Today a thoroughly backward Supreme Court is following the footsteps of Chief Justice Taney’s court. Two recent rulings immediately come to mind. In Brnovich v. Democratic National Committee (June 3, 2021) the court went 6-3 to uphold two voter suppression laws in Arizona. The appeals court in San Francisco had held that these laws adversely affected Black, Hispanic and Native American voters. The Brnovich decision overturning the appeals court further erodes voting rights and comes 8 years after the Supreme Court gutted the 1965 Voting Rights Act – a signal achievement of the Civil Rights Movement.
In Cedar Point Nursery v. Hassid the court again ruled 6 to 3 to overturn 65 years of well-established labor rights. This decision overturned a 1975 California law that allowed unions limited entry on farms to organize mostly oppressed workers. The right-wing court ruled that this deprived the bosses their “property rights”. Writing for vox.com on June 23, 2021, Ian Millhiser called Cedar Point “disastrous news for unions” and said “the Court’s new union-busting decision reads like something out of Ayn Rand’s darkest fantasies.”
Irrepressible Conflict from coast to coast
The decade leading up to the Civil War was also fought out in many towns and cities. Anti-slavery forces crisscrossed the North holding meetings and rallies. In a number of dramatic cases masses of people mobilized to defeat slave catchers and free imprisoned fugitives running from enslavement.
One of the most famous incidents took place on October 1, 1851 in Syracuse, NY. In 1843 an enslaved man named William Henry fled from Missouri. Hunted for years he fled over and over until he settled in upstate New York, now called himself Jerry. Here he was captured and faced return to slavery under the Fugitive Slave Act. Crowds of abolitionists gathered, armed themselves and stormed the courthouse where Jerry was being held. They forced his release and transported him to safety in Canada.
In other locations, however, pro-slavery crowds broke up abolitionist meetings. In several instances anti-slavery activists were beaten and even killed.
Today confrontations are also playing out around the country. Much attention was given to the voter suppression legislation being pushed through in Texas. The right-wing Republican majority was sure to pass the bill until the Democrats walked out, forcing a suspension of proceedings due to lack of quorum. To avoid being forced back into the building, over 50 these legislators fled to Washington, D.C. on July 12, 2021.
On July 13 the Texas House voted to issue civil arrest warrants for their Democratic colleagues. The House Speaker signed these warrants after the Texas Supreme Court ruled that it was legal. The Texas Senate proceeded to pass the noxious voter suppression bill and some Democrats broke ranks and returned to the Texas House.
Bitter conflict has also erupted in Florida as the state’s governor barred any local officials from mandating protective masks for students and staff in public schools. Both the Broward County and Miami-Dade County School Boards have disregarded Governor Ron DeSantis’ order and said schools will require masks.
DeSantis threatens to stop paychecks for any officials defying him and the Federal government may step in to pay those salaries.
The conflict inside political parties
The two main political parties before the Civil War had been the pro-slavery Democratic Party and the Whig Party. The Whigs generally were the party of business, farmers and bankers based in the North. They were not an anti-slavery party. Rather they were mainly interested in having the Federal government protect the interests of business and finance. As the irrepressible conflict intensified many small parties sprang up such as the Liberty Party in New York and the Free Soil Party. In some localities abolitionists were even elected to Congress.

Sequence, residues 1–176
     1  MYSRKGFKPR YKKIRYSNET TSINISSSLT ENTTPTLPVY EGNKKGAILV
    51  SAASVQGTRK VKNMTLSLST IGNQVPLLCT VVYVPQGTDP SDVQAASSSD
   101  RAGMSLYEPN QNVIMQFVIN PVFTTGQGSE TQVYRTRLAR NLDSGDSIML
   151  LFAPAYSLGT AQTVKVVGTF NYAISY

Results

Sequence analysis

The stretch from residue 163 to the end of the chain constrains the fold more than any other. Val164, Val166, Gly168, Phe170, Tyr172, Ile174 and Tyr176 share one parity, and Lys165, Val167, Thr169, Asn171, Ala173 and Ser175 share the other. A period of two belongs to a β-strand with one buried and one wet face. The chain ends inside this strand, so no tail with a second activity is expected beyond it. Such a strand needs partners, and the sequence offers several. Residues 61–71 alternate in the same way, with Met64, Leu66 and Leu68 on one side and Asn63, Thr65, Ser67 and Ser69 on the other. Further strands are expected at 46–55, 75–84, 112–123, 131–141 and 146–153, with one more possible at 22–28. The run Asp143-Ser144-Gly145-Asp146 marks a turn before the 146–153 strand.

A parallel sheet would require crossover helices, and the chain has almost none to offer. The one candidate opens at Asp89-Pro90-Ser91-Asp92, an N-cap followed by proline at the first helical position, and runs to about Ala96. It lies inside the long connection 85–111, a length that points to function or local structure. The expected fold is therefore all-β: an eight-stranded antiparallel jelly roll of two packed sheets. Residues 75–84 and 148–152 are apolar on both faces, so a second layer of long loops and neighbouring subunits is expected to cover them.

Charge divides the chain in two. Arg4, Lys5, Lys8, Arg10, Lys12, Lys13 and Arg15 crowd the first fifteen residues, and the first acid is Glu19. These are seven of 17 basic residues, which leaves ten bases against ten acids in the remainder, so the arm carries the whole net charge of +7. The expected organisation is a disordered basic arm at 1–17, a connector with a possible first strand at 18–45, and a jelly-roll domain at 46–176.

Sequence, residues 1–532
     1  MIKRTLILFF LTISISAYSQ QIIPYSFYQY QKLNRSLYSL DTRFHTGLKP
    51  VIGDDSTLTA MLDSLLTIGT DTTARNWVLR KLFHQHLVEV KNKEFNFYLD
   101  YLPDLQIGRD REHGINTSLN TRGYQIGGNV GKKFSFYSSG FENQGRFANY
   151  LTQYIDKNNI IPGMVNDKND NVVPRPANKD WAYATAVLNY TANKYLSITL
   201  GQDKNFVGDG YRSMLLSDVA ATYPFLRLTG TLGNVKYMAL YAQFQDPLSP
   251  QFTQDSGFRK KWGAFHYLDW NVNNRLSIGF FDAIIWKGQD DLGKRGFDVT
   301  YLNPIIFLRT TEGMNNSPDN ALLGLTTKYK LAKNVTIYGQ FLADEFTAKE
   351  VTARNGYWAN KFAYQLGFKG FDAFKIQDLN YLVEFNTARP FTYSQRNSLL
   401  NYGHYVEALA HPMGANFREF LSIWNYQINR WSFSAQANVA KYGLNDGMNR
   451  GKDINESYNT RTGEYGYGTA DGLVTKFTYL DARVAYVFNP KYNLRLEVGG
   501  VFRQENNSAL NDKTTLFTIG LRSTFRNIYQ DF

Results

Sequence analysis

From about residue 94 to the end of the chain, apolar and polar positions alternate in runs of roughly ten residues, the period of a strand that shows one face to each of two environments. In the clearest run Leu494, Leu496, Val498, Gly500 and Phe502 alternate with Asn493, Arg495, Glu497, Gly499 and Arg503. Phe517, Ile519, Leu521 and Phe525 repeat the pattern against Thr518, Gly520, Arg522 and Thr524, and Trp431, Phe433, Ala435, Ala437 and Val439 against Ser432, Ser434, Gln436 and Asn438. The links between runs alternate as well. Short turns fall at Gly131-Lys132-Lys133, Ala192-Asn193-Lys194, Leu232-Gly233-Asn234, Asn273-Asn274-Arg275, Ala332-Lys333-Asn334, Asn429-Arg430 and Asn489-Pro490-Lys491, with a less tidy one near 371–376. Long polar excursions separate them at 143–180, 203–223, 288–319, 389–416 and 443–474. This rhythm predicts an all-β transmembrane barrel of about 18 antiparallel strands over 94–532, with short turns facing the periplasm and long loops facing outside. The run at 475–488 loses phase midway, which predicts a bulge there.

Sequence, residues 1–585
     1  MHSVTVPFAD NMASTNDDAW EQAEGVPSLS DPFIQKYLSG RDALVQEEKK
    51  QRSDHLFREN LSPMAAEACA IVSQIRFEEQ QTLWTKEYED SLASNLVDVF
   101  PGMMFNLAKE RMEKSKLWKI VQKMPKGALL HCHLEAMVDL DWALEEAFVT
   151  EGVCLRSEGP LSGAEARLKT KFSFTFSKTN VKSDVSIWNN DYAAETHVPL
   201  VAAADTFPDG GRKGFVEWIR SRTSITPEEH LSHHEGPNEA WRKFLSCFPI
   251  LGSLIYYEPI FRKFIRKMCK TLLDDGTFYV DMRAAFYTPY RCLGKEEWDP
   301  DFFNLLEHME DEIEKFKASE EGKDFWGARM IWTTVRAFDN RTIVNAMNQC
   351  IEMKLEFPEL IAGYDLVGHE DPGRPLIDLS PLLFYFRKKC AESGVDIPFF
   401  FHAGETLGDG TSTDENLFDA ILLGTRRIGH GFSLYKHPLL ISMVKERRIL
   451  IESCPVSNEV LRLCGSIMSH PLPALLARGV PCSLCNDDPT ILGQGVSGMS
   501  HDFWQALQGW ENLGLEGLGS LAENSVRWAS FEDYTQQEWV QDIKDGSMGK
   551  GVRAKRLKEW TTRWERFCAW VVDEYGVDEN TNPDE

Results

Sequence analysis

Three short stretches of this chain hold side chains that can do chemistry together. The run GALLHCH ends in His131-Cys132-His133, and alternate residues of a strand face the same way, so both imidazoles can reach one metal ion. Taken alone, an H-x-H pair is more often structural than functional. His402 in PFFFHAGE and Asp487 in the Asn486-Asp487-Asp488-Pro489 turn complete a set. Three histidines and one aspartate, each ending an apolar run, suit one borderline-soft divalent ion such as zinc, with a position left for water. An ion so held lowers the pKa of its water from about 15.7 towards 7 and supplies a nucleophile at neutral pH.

In 1854 anti-slavery Whigs, joined by Free Soilers, Temperance activists and other progressives, founded the Republican Party. The Republicans ran John C. Fremont for president in the election of 1856 and won 11 of the 16 northern states. The Republicans were not strictly against slavery in the southern states, but the growing weakness of the South versus the North economically and population-wise guaranteed the election of Abraham Lincoln in 1860. The southern slave states then proceeded to secede from the union.
Lincoln’s inauguration was on March 4, 1861 but action against the secessionists only occurred after the South Carolina militia bombarded Federal Fort Sumter in the Charleston harbor on April 12, 1861.
Today the Republican Party has become the bastion of racism, white-supremacy, anti-unionism and reaction. The Democratic Party is seriously split between its mass base of workers and oppressed people on the one hand, and those who support the Wall Street corporate and banking interests on the other (known as the Corporate Democrats).
Like the Whig Party in the pre-Civil War period the Democratic Party of today cannot contain these contradictory class interests. A party must emerge, perhaps not chemically pure, that more fully and forcefully fights for the interests of poor and working people. Its program is not hard to imagine or to craft – all the elements have already been laid out in one arena or another. Fundamentally it would be a socialist program for transferring the enormous wealth of this nation to those who produce it and away from the parasitic capitalist class that currently works overtime to keep it for themselves. Such a program would also include the most vigorous confrontation and defeat of white-supremacy and also an end to imperialist wars and intervention abroad.
Like the young Republican Party of 1854 it might not win an immediate election, but it would galvanize the mass of people and prepare them for struggle.
It should always be remembered that the irrepressible conflict was not settled in the halls of Congress, not won in the courts of the land nor was it resolved even by the election of the new party to the presidency. The resolution only came through a bitter civil war. Such a fight may be in our future. We need a mass political organization to lead us in that struggle.